b. All documents showing or demonstrating what, if anything, the Board was told about the fact that, in writing about “Acting in Concert” provisions such as the one contained in the Plan, Francis J. Aquila of Sullivan & Cromwell LLP, one of the most well-known and respected counselors to boards of directors, had warned that if a board decides to include such a provision in its rights plan, “it should ensure that the provision, as drafted, does not unduly interfere with the valid exercise of shareholder rights, such as the right to meet and to communicate with other shareholders;”

c. All documents showing or demonstrating what, if anything, the Board was told about the effects that the Plan’s definition of “Acting in Concert” would have on potential proxy contestants and/or stockholders seeking to dissuade other stockholders from voting in favor of the Bonanza Creek acquisition;

d. Any minutes, draft minutes, or notes of the Board meeting in which the Plan was adopted or of any pre-meeting or committee meeting before or after the Board meeting at which the Plan was discussed;

e. Any documents indicating any advice of Daniel Burch, MacKenzie Partners or any investment or commercial banker or any other non-attorney about the plan;

f. Any documents demonstrating what, if any consideration, was given by the Board or senior management to whether the Plan would affect the stockholders’ ability to (1) discuss the economic effects of the Bonanza Acquisition, (2) solicit proxies to vote against the Bonanza Acquisition, whether by direct contacts to large stockholders or a widespread proxy solicitation, or (3) solicit requests to call a special meeting of stockholders to remove members of the board and replace them with directors opposed to the Bonanza Acquisition.

The purpose of this Demand is to allow the Icahn Parties to investigate the actions of senior management and the Board regarding senior management compensation, the Bonanza Acquisition and/or the Plan, the latter of which appears to the Icahn Parties to be primarily directed at preventing the Company’s stockholders from being able to organize effective opposition to the Bonanza Acquisition. The Icahn Parties regard both the Bonanza Acquisition and the Plan to constitute mismanagement at a minimum and likely breaches of fiduciary duty, while Mr. Bennett’s compensation to date appears to be inexplicable.

While they have no current plans or proposals to take any actions with respect to SandRidge, depending on what they discover in the documents, the Icahn Parties might:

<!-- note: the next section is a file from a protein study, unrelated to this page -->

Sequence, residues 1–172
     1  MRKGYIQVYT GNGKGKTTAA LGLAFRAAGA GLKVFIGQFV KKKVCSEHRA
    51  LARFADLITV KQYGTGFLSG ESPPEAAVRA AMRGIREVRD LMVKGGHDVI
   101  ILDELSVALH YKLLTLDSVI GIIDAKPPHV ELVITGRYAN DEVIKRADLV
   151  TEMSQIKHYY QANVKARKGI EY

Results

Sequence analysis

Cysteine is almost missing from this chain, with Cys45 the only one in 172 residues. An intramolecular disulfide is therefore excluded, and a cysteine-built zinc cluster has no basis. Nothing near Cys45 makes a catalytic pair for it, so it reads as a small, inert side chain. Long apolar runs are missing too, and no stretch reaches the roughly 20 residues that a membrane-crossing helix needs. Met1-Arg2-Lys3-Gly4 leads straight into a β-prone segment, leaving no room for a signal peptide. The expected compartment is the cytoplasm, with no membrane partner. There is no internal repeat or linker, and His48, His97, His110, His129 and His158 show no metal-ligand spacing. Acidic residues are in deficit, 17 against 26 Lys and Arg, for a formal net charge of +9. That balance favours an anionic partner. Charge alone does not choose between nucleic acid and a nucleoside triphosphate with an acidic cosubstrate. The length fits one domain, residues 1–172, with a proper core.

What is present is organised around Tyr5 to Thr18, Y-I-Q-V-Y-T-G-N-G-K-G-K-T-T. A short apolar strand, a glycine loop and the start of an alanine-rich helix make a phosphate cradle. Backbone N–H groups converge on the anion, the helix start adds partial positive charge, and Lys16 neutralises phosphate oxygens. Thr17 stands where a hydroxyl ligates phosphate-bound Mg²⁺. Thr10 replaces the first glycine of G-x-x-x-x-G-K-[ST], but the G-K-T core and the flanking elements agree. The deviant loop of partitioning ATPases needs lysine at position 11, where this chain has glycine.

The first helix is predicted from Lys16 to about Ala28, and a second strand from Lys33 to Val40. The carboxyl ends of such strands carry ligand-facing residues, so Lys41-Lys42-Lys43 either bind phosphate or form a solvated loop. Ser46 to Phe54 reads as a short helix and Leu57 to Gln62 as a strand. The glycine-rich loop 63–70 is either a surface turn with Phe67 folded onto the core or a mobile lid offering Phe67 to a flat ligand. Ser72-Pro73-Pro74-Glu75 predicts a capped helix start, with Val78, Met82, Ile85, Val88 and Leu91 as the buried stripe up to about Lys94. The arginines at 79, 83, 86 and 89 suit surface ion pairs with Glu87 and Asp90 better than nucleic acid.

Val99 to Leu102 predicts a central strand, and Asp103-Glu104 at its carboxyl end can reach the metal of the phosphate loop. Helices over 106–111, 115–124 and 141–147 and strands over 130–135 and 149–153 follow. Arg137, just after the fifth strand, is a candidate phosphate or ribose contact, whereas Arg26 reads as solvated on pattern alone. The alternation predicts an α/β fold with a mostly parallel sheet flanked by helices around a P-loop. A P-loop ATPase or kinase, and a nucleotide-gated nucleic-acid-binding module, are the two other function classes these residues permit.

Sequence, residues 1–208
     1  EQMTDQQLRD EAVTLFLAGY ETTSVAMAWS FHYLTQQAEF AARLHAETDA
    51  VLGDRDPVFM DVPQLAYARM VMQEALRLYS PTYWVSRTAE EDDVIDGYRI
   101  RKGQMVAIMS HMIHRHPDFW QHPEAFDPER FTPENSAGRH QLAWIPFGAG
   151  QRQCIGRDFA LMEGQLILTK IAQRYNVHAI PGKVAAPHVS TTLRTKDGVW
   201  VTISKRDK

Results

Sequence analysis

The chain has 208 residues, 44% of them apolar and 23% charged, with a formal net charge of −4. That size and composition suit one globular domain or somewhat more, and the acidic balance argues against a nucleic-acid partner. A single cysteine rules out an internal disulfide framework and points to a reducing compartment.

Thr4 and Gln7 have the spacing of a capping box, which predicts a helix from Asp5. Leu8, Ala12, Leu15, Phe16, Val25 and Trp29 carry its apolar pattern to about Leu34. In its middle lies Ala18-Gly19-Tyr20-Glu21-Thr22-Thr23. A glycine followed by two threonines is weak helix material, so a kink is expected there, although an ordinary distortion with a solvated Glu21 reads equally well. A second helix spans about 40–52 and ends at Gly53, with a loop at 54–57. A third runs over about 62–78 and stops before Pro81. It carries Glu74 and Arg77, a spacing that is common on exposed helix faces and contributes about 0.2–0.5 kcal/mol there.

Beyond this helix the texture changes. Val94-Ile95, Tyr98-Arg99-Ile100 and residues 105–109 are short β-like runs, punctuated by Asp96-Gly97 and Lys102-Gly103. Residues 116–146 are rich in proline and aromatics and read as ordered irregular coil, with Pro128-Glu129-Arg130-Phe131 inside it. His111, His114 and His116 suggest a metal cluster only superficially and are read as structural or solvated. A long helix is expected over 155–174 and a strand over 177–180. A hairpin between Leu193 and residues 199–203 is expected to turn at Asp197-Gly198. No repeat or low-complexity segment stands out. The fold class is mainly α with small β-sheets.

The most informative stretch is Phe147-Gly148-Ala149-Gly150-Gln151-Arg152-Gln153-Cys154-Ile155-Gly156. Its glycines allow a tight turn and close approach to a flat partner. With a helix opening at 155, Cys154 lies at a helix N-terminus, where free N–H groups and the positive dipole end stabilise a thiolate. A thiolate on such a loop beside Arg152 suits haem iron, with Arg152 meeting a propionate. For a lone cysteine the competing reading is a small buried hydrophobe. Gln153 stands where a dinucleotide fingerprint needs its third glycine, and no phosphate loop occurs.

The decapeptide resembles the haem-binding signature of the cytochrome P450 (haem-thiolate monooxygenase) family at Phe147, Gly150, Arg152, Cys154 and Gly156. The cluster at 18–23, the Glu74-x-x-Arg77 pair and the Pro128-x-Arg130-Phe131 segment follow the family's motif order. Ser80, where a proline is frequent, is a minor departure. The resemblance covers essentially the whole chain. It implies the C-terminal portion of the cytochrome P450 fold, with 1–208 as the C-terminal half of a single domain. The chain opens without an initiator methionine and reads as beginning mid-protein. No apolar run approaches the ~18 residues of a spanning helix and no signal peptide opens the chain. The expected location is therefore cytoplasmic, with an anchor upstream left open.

(1) file an appropriate court action challenging any or all of Mr. Bennett’s compensation, the Bonanza Acquisition and the Plan; (2) with appropriate approvals, share information contained in the documents with other stockholders; (3) seek to pursue a proxy contest to oppose the Bonanza Acquisition and/or to remove some or all of SandRidge’s current directors and replace them with directors opposed to the Bonanza Acquisition and in favor of corporate democracy; and/or (4) take such other actions that is appropriate under the circumstances.

The Icahn Parties want to ensure that the Company is not harmed in this process—they collectively are the Company’s largest stockholders; their stock has a market value of almost $90 million—and thus will agree to enter into an appropriate confidentiality agreement regarding the documents they inspect, but will insist that such agreement contains a provision allowing a third party (and preferably a Court) to order that the Icahn Parties may make public documents that are not truly confidential, or that contain information of which the stockholders should be aware. The Icahn Parties are also willing to discuss and refine in good faith the categories of documents sought.

The background to this demand is as follows. SandRidge is a company with a history of doing a decent job in finding oil and gas, and a much poorer job in creating a sustainable financial structure. As a result, SandRidge has repeatedly overleveraged itself while overpaying for assets, and the results have been disastrous for its stockholders. In May 2016, SandRidge entered Chapter 11, and its plan of reorganization greatly reduced its debt at the price of totally wiping out the equity held by its stockholders. According to news reports, many individual stockholders lost much of their net worth in the bankruptcy and the Bankruptcy Judge overseeing the case announced that he found his decision approving the plan of reorganization to be “agonizing” but that he had no choice since, in fact, all equity value had been lost “long ago.”